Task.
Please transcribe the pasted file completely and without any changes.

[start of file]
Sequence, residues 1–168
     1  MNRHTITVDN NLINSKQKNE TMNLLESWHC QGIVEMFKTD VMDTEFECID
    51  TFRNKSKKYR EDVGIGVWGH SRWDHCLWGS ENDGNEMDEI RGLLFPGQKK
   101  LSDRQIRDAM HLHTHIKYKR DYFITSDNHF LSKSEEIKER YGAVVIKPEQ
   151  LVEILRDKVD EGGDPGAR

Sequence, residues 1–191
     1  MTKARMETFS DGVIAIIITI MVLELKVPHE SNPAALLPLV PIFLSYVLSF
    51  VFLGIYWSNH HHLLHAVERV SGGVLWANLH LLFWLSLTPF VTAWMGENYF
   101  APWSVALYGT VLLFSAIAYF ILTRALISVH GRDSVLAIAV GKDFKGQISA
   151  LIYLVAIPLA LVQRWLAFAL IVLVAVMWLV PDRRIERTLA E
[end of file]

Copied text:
Sequence, residues 1–168
     1  MNRHTITVDN NLINSKQKNE TMNLLESWHC QGIVEMFKTD VMDTEFECID
    51  TFRNKSKKYR EDVGIGVWGH SRWDHCLWGS ENDGNEMDEI RGLLFPGQKK
   101  LSDRQIRDAM HLHTHIKYKR DYFITSDNHF LSKSEEIKER YGAVVIKPEQ
   151  LVEILRDKVD EGGDPGAR

Sequence, residues 1–191
     1  MTKARMETFS DGVIAIIITI MVLELKVPHE SNPAALLPLV PIFLSYVLSF
    51  VFLGIYWSNH HHLLHAVERV SGGVLWANLH LLFWLSLTPF VTAWMGENYF
   101  APWSVALYGT VLLFSAIAYF ILTRALISVH GRDSVLAIAV GKDFKGQISA
   151  LIYLVAIPLA LVQRWLAFAL IVLVAVMWLV PDRRIERTLA E